“For a long time the goal of 300kg has been on my mind,” Rahman said. “However, I comply with my coaching staff at all times and always respect their decisions. I look forward to hitting +300kg and setting a record for my country.”

Regardless of the weight lifted, Rahman’s main ambition is to reach the top of the podium in Incheon.

“I don’t think anything for the 2014 Incheon Games, but gold medal,” Rahman said. “This would be achieved only by enjoying the support of coaches and NPC [National Paralympic Committee] officials.

“In these Games, I expect to face a professional challenge in winning the gold medal and setting a new world record, as I cannot underestimate my competitors.”

Rahman has reason to be confident in his potential, as he has held is place at the top of his sport for some years.

He set his first official world record at the Guangzhou 2010 Asian Para Games, where he won a gold medal. Two years later, he was golden again at the London 2012 Paralympic Games.

For Rahman, staying relaxed is always the key to success.

“An elite athlete should not keep stress in his mind, since at the time of lifting he may or may not be able to handle it.

“For this reason, I always smile and try to remove all negative energy.”

Still, the current gold medalist knows that competition in his class is growing stronger every year. One of his biggest rivals and closest friends is Mansour Pourmirzaei, a fellow Iranian.

Pourmirzaei won gold and set a then-world record at the 2013 IPC Powerlifting Asian Open Championships with a lift of 276kg. He, too, has ambitions to break the 300kg mark.

“Mansour Pourmirzaei is one of my best friends,” Rahman said of the competitive relationship between the two. “We are always kidding, and we enjoy spending time with each other. I believe our friendship is more important than our competition.”

Rahman is fueled, not intimidated, by his competition.

“Always, I think that a new phenomenon may be born in a corner of Iran,” Rahman said. “This causes me to do my exercise at the highest level, since I tend to show my best performance during Championships.”

Rahman is glad that his toughest competition is a fellow countryman.

“Our rivalry certainly is a benefit, since the outcome is only raising our country’s flag,” Rahman said. “The main point is to save the medal for Iran. Mansour or Siamand, makes no difference.”

The 2014 Asian Para Games will feature approximately 4,500 athletes from 42 countries. Powerlifting is one of 23 sports to be contested over the 10-day competition.

WADA approves plans for Code implementation and compliance reporting

Find how a revised World Anti-Doping Code for athletes will be implemented starting in 2015.

Two people give a thumbs up and a peace sign in front of a Team officials support WADA's "Say No! to Doping" campaign at the Sochi 2014 Paralympic Winter Games. © • WADA
By WADA

“We covered a series of significant and pressing topics this weekend, particularly the matter of ensuring all signatories have the opportunity and motivation to have Code compliant rules ahead of the revised Code coming into effect at the start of 2015.”

The World Anti-Doping Association (WADA)’s Foundation Board approved key plans relating to Code implementation and Compliance reporting, and was presented with technical documents and matters relating to the Athlete Biological Passport (ABP) and the addition of a substance to the 2014 Prohibited List during its meeting in Montreal, Canada, this month.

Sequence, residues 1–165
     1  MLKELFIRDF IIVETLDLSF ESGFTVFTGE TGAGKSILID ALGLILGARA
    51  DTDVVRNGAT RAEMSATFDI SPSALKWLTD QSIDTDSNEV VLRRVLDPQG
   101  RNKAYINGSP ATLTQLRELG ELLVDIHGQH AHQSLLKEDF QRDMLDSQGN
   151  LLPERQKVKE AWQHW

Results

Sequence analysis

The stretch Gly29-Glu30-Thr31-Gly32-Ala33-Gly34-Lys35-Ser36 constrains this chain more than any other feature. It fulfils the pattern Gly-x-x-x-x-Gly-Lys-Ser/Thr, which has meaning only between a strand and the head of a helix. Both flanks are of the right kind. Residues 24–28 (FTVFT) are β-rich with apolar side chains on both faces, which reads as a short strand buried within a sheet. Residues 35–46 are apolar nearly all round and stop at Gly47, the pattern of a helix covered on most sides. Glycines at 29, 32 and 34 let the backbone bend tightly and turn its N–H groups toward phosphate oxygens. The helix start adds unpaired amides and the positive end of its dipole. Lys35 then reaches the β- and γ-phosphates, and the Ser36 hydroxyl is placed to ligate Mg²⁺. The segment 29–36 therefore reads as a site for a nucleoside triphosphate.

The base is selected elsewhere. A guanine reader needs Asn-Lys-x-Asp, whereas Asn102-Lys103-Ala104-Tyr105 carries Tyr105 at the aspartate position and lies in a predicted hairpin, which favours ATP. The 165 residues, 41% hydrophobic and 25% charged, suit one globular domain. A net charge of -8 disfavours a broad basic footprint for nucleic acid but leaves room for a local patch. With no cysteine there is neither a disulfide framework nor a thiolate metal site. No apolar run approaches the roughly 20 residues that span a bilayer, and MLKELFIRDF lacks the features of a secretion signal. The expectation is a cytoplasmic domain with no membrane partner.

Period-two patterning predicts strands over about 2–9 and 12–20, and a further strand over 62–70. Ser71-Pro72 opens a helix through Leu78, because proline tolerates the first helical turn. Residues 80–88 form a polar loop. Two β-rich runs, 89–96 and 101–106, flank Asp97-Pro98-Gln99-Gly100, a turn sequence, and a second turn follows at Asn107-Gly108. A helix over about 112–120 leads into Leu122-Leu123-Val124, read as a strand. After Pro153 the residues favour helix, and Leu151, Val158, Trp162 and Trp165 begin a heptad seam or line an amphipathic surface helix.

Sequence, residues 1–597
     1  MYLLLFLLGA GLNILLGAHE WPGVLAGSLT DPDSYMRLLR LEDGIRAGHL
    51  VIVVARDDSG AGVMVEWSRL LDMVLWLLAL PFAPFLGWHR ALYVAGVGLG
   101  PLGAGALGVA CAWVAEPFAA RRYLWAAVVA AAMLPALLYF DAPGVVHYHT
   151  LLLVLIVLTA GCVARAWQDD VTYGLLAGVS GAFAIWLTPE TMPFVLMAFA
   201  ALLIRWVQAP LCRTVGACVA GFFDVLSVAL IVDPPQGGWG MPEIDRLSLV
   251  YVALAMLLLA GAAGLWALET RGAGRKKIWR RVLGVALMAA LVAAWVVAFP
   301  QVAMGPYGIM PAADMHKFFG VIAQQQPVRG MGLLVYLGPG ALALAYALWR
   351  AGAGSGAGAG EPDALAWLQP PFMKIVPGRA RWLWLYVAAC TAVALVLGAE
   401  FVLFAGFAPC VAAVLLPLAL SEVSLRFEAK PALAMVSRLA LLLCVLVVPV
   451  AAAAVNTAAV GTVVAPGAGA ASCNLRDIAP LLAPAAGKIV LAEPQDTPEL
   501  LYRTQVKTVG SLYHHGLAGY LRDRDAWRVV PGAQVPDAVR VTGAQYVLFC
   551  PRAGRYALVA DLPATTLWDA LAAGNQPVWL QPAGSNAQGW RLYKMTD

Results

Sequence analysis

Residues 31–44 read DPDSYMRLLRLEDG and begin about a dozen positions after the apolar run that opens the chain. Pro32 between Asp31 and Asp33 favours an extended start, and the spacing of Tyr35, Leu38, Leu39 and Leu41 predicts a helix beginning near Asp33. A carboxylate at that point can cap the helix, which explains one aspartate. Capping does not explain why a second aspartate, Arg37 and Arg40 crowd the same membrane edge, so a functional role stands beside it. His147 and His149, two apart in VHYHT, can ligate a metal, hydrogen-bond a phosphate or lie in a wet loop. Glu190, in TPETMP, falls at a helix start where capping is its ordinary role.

WADA’s President Sir Craig Reedie chaired his first Executive Committee and Foundation Board meetings, and was pleased at the outcome.

He said: “We covered a series of significant and pressing topics this weekend, particularly the matter of ensuring all signatories have the opportunity and motivation to have Code compliant rules ahead of the revised Code coming into effect at the start of 2015.”

World Anti-Doping Code implementation

Following the approval of the revised Code and International Standards in November 2013, WADA has been assisting and guiding signatories through a series of steps aimed at adopting the rules required to become Code compliant. This is a process that will continue throughout the remainder of 2014.

The Foundation Board confirmed that WADA would publish a list of signatories who have – and a list of signatories who have not – amended their rules appropriately and implemented them in line with the revised Code by 1 January 2015.

As part of the implementation process, the Foundation Board received an update on the Athlete Guide to the Code, a tool aimed at helping athletes understand the rules of the Code ahead of its introduction in 2015. The Guide will be published in electronic form later in 2014.

Working group on compliance reporting

As a continuation of the working group which addressed the Ineffectiveness of testing in 2012-2013, the Group produced a report on code compliance. The report considers several aspects, including: the process of becoming compliant; the measurement of compliance of quality programs; remedial and other measures to be applied when Code compliance has not been achieved by any particular signatory or group of signatories; and the recommendation that an independent group is involved in compliance assessment.

Technical Documents

As a result of the approval of the 2015 Code, the Executive Committee endorsed six Technical Documents (TDs) which will assist with the scientific analysis of samples.

Sport-specific analysis